yearofthelamb:

On a scale of 1 to 10, what do you think you are?

This movie is one of the best portraits of what it’s like growing up with divorced parents and I’m really thankful it exists.

(Source: cyberqueer)

"Some days I yearn for a life with someone, where there is a constant companion, an understanding and a partnership. Other days, I find myself appreciating the single life, the days where I can pick up and go, make decisions, be alone. Then I realize, I will always long for both, for they are good, whole and full of adventure in their own ways. So I will be happy and content in the here and now, for there is no day that I do not long to be unapologetically myself, unattached to earthly things and status, fully surrendered to Christ. We must remember to never limit our potential when His heart is our goal. He is calling us now and always, and relationship status sets no limits for what He can do."
- h.s.

(Source: heartbeatofatwentysomething)

yup this is good this is true

ftnd-blog:

A Girlfriend & Boyfriend Story
We get thousands of emails from people sharing their stories with us. Most the time they do so anonymously and ask us to take out their names, which is totally cool and we understand.
However, sometimes there are Fighters that are so passionate about this cause and sharing their experience that they want the whole world to hear their story.
This story was sent to us by Victoria, a real life girl with a real life story about the harmful effects of pornography. She and her boyfriend Nick gave us permission to share their story openly. They wrote us not only to share their experience with the harms of pornography, but to tell how much better their lives and relationships are without it.
———————————————————
Dear FTND,
The attached picture is of me and someone I care about very much. Nick is quite dear to me. He makes me laugh, he makes me feel like a princess, and he makes me want to be a better person. What more could I ask for?
A lot of real, raw conversations over the past year have been pulling me toward telling my story. Now, I guess, here we go.
I first faced up to my ickiest secret when I was seventeen – a festering habit that I just couldn’t shake: porn. It had been around for years, off and on. I’d done a LOT of lying to myself, thinking, “It’s okay, it isn’t really porn,” or “It’s not that big of a deal, no one needs to know. Or sometimes even straight up pretending it wasn’t happening.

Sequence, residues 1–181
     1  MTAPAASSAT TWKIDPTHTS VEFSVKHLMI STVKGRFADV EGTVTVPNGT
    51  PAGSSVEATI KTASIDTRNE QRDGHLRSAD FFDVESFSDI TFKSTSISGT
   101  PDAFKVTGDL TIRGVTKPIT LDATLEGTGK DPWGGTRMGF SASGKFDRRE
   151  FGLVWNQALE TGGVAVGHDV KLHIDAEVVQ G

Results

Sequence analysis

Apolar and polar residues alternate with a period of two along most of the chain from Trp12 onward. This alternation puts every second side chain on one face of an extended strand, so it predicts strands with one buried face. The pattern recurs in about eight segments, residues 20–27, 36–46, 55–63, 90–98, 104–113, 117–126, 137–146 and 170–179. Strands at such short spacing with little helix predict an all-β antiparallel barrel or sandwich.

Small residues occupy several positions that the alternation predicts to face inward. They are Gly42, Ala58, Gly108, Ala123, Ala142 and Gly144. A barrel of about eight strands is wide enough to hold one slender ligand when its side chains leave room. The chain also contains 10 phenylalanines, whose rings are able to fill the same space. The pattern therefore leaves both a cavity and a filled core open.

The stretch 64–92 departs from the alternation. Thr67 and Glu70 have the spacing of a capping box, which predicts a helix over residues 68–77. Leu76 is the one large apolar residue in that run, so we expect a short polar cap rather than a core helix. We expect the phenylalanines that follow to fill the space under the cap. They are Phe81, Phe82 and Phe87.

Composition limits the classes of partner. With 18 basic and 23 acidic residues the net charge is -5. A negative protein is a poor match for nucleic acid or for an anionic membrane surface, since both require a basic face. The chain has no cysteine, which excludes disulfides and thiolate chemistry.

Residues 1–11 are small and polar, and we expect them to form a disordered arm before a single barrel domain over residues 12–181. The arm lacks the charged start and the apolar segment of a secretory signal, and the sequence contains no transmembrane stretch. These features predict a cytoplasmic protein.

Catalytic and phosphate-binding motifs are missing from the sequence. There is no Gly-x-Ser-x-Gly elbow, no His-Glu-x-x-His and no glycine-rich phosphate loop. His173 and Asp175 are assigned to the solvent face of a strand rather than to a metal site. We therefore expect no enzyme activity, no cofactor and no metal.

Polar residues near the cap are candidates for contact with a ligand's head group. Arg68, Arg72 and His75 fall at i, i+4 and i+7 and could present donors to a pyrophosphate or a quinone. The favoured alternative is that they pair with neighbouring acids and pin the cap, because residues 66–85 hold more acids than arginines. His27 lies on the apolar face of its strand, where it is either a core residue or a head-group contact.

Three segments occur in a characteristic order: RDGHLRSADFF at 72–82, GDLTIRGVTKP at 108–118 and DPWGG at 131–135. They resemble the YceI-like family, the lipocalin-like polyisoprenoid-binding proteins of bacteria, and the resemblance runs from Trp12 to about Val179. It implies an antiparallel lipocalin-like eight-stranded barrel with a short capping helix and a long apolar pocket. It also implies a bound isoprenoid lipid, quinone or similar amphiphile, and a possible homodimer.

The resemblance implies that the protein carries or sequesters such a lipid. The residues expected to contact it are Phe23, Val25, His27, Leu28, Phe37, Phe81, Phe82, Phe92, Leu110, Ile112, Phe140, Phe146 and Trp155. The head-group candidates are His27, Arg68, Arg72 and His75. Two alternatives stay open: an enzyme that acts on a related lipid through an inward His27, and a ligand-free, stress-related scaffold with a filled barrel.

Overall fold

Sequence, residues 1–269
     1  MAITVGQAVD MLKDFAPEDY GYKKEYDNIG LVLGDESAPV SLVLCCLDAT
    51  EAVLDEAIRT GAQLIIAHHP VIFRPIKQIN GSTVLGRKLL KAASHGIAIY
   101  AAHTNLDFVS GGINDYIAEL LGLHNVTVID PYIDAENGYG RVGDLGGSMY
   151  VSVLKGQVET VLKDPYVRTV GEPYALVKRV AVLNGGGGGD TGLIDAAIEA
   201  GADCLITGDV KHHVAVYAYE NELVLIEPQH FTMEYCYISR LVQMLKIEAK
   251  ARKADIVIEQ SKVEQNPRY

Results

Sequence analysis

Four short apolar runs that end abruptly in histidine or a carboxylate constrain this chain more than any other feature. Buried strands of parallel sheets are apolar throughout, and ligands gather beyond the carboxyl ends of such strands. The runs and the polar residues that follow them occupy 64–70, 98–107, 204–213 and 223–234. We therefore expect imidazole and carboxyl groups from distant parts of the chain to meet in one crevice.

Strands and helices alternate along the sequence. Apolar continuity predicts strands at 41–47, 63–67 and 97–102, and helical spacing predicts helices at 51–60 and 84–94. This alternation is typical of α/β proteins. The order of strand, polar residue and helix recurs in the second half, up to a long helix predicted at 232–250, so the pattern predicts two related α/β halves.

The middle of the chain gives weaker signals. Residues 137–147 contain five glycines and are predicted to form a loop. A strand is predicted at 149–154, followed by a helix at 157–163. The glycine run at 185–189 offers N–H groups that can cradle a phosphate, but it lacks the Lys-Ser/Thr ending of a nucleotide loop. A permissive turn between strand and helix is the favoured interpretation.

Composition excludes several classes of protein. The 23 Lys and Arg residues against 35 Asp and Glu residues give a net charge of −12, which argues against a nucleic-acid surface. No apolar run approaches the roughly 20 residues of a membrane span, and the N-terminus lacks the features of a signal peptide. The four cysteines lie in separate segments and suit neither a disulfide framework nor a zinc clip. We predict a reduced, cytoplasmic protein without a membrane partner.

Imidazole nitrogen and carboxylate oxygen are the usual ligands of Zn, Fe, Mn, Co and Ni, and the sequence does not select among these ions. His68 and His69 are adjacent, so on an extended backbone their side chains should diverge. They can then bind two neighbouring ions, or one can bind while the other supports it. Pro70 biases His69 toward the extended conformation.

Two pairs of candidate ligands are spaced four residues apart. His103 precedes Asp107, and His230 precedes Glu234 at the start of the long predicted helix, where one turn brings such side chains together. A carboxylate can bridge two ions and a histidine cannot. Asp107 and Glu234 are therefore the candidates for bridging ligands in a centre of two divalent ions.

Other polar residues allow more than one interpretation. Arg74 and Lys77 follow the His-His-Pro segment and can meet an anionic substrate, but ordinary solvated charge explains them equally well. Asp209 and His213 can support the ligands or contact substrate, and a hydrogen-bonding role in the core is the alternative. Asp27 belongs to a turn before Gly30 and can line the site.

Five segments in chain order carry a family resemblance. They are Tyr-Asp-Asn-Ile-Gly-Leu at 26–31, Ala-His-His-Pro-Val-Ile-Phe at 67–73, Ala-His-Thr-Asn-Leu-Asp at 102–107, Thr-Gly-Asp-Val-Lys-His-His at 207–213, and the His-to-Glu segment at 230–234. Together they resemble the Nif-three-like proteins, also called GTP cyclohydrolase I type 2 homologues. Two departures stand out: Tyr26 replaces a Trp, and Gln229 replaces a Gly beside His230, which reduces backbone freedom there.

Only now can I look back and see all the ways that it was hurting me. I used it as an escape and a coping mechanism. The list of excuses to use it was always growing. I’d use it to escape in the moments when I felt lowest, but when my brain turned back on afterward, I’d only feel worse. After a while, porn changes the way you see yourself. It drove my wavering self-esteem downward. It started giving me corrupted expectations of sex and corrupted ideas of sexuality. The justifications of “it’s not really porn” grew weaker and weaker as I was dragged further in. I was horrified when I realized that it was also changing the way I looked at people around me. It was easier than ever for me to physically objectify anyone and everyone. It was only when I was coming out of it that I started to truly realize how harmful it had been.
On the night I admitted my problem out loud for the first time, I was at a camp. We had some speakers at the camp and I remember one saying, “You can keep telling yourself that you can deal with your problems on your own. But know that if that were true, you would have done it already.” I decided that night that I’d had enough.
I know now that my problem pales in comparison to many other people’s. But I was so tired of being ashamed, and I was so tired of it sucking up my life and compromising my relationships, that I finally forced myself to admit it to another person.
A few months later, one of my close guy friends admitted to struggling with porn and asked if I would hold him accountable. Of course I said yes, but I faced a dilemma. Do I admit to him that I’ve struggled with it as well? Or do I do what everyone expects of girls and not let him know that I knew exactly what he was dealing with? 
As women, talking about porn is so taboo. The wide assumption is that it’s nothing but a man’s issue. So when a woman speaks up about it, there’s shock and awe and usually more shame heaped up on top. It’s like when a man admits to having an eating disorder or being in an abusive relationship — they’re big problems, but we just assume they’re assigned exclusively to one gender or another.